A Walmart exec explains that boosting delivery options isn't going to stop shoppers from visiting stores

  • Walmart SVP of digital operations Tom Ward isn't worried about delivery cannibalizing brick-and-mortar foot traffic.
  • Speaking at the second annual Groceryshop conference in Las Vegas, Ward discussed why Walmart's online delivery strategy isn't a threat to its stores.
  • He explained that "time-starved" shoppers are just looking for convenience.
  • In his view, different methods of shopping and fulfillment are complimentary, allowing the retailer to meet customers' varying needs.
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LAS VEGAS — Delivery isn't a zero sum game, according to Walmart SVP of digital operations Tom Ward.

Speaking at the second annual Groceryshop conference in Las Vegas on Sunday, Ward said that he's not concerned that the retailer's expanded delivery and fulfillment options will cannibalize store traffic.

Walmart has opened up or piloted a slew of fulfillment channels over the past few years, including same-day grocery delivery, in-home delivery, one-day delivery, and pick-up offerings.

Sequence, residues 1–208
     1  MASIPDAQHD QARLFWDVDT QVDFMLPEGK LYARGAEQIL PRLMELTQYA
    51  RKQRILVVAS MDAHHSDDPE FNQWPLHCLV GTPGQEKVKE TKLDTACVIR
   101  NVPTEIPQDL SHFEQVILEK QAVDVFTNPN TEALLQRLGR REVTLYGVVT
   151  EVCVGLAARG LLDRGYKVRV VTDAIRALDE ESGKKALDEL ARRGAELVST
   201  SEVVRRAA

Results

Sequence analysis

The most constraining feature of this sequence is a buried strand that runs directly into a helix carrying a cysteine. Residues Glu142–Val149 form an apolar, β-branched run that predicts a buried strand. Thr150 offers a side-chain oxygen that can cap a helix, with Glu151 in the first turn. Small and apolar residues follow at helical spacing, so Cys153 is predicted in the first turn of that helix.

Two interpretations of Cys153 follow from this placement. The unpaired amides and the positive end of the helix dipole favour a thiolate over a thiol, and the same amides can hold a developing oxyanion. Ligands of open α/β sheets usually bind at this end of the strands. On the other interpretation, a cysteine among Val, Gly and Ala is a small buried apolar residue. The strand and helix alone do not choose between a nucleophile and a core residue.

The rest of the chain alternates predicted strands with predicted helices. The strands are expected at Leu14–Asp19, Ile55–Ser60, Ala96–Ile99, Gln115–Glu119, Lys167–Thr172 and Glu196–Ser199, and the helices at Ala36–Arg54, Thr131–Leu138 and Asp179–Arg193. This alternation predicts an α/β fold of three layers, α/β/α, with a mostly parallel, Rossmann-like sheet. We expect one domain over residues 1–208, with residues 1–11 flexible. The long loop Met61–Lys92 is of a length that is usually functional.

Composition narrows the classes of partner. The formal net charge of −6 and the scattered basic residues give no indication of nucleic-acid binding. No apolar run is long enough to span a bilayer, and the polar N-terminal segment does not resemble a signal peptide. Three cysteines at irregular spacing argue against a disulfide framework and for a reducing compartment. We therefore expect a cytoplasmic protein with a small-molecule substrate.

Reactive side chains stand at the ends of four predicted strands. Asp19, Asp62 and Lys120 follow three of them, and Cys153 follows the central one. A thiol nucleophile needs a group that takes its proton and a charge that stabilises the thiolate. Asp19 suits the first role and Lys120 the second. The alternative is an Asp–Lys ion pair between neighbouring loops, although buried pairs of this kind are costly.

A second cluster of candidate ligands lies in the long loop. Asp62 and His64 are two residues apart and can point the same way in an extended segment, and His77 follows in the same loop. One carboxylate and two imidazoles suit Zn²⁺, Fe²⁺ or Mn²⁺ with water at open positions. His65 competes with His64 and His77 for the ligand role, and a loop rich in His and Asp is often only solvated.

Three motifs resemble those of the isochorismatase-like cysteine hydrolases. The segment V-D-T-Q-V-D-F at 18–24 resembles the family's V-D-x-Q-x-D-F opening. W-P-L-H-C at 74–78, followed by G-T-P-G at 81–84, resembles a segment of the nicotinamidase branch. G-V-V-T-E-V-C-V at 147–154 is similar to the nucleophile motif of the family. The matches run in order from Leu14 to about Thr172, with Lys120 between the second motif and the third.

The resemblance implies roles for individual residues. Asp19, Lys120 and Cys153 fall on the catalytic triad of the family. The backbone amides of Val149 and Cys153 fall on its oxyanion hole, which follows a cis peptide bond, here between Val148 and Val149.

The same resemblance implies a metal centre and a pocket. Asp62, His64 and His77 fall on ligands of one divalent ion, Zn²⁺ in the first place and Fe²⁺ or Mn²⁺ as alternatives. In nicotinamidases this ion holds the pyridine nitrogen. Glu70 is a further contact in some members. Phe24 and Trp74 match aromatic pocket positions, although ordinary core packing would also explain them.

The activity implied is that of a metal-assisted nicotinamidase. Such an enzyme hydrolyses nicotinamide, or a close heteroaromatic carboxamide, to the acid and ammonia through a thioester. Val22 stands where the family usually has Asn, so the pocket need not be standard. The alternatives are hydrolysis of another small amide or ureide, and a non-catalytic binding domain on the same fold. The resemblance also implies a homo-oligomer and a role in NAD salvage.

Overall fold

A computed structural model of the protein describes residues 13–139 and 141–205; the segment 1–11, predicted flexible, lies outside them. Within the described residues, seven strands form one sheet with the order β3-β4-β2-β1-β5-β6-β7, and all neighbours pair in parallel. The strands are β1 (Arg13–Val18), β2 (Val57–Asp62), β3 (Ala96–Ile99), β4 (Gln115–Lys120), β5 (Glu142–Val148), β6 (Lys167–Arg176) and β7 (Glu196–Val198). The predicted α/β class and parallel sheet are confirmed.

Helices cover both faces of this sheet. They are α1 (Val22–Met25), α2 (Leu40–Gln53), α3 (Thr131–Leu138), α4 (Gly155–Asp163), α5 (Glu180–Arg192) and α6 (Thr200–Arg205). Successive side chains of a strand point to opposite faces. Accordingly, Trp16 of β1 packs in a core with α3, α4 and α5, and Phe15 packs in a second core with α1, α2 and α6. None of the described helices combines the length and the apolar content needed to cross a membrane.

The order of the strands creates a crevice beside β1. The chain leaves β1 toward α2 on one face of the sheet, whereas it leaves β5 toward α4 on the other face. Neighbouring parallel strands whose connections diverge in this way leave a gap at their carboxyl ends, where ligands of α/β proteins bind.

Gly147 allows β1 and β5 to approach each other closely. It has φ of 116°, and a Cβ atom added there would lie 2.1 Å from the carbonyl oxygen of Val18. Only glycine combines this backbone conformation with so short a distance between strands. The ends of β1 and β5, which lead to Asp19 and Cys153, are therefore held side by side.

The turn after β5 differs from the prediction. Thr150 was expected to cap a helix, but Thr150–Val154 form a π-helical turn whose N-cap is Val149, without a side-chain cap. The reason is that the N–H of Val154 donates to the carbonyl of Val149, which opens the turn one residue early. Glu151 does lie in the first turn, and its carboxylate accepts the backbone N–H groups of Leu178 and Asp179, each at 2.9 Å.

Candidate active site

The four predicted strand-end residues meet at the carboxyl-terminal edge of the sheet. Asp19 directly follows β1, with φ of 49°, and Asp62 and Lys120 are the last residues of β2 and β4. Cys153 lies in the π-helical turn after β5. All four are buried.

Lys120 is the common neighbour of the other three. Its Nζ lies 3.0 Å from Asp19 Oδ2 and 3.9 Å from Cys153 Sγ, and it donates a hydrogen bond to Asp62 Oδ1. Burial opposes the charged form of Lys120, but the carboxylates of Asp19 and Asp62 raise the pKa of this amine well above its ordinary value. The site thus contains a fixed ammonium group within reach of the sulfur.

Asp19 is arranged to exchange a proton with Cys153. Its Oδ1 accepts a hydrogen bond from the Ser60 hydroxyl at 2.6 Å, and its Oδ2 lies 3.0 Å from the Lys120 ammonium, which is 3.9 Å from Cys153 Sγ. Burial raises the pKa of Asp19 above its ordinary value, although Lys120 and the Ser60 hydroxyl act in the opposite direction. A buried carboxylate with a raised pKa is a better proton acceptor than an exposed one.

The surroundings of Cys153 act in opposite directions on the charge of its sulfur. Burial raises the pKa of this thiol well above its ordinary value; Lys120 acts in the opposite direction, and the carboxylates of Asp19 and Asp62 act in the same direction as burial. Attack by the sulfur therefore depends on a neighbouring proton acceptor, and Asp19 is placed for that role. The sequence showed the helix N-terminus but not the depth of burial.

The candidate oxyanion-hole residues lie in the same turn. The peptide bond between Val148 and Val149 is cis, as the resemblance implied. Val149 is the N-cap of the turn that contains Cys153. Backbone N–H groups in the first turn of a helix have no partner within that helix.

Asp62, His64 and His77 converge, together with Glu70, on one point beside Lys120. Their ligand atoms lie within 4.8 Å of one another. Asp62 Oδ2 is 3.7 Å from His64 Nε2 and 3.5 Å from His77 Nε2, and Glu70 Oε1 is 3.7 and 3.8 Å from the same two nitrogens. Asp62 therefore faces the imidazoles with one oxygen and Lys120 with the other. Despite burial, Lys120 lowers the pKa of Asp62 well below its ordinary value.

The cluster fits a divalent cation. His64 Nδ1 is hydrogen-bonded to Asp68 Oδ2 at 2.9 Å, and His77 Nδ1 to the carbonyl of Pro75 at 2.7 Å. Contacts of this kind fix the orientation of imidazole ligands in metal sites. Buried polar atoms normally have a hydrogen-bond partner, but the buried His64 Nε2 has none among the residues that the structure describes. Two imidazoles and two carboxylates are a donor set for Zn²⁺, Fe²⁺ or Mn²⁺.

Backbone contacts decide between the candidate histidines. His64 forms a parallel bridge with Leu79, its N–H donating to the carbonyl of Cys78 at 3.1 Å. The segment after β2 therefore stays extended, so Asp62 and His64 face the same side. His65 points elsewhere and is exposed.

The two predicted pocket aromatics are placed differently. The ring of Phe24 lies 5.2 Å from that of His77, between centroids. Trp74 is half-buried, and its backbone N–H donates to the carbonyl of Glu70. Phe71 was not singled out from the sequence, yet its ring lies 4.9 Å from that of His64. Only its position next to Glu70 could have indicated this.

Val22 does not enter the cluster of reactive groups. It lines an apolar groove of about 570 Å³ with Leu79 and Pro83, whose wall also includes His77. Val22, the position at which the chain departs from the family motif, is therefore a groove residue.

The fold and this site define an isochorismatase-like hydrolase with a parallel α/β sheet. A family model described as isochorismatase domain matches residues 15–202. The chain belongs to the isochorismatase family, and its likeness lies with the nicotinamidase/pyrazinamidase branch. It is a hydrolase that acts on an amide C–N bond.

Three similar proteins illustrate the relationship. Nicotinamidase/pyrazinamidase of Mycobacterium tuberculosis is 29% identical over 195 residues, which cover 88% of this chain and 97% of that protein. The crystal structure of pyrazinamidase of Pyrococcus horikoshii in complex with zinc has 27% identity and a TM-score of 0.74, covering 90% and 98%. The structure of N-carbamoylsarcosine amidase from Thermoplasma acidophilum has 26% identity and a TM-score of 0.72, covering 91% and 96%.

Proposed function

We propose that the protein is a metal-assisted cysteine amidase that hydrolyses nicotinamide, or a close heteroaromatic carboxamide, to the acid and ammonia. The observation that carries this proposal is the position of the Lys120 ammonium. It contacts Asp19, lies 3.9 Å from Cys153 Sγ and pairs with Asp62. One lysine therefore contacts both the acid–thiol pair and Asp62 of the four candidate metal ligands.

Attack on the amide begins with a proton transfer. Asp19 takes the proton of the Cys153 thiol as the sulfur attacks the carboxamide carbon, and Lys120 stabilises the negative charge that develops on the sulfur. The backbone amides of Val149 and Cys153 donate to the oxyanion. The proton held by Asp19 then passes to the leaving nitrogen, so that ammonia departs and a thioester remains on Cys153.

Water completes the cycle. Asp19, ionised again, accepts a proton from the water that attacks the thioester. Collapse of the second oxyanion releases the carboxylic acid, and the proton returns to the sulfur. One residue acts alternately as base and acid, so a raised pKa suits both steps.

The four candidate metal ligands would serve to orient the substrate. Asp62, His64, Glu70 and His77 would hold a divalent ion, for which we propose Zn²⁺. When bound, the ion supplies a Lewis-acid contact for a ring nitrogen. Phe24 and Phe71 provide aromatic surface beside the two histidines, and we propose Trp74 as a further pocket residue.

But Ward said that he doesn't buy into fears that expanding e-commerce and delivery fulfillment will siphon customers away from Walmart brick-and-mortar locations.

"This is never about having to make a binary decision," he said. "When you open a new channel, people don't stop shopping at Walmart supercenters and the neighborhood market."

In fact, according to Ward, traffic has continued to grow within its stores, regardless of the explosion in fulfillment choices.

In his view, customers' needs can vary day to day when it comes to what they need from Walmart. He used the example of a "time-starved family" juggling activities like a baseball game and a birthday party.

He said that that family will sometimes rely more on the "extensive training" of Walmart's personal shopper, while in other instances they may prefer to visit the stores themselves.

Depending on what their schedule looks like, the family may even opt to drive over to the store for a parking lot pickup of their purchases.

Ward said that Walmart's biggest concern is providing "maximum convenience" to its shoppers, regardless of how customers want their needs to be met.

"What we absolutely want to do is get that same great value and same great convenience in all the ways that you can interact with the customer," Ward said.

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